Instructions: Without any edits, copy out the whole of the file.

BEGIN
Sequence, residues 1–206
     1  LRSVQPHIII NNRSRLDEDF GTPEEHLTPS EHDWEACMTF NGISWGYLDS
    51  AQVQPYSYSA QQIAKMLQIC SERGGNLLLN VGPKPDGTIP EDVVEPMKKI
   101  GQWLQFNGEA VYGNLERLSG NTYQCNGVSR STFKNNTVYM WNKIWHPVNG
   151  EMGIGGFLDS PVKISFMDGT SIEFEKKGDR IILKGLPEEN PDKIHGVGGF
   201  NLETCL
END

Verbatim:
Sequence, residues 1–206
     1  LRSVQPHIII NNRSRLDEDF GTPEEHLTPS EHDWEACMTF NGISWGYLDS
    51  AQVQPYSYSA QQIAKMLQIC SERGGNLLLN VGPKPDGTIP EDVVEPMKKI
   101  GQWLQFNGEA VYGNLERLSG NTYQCNGVSR STFKNNTVYM WNKIWHPVNG
   151  EMGIGGFLDS PVKISFMDGT SIEFEKKGDR IILKGLPEEN PDKIHGVGGF
   201  NLETCL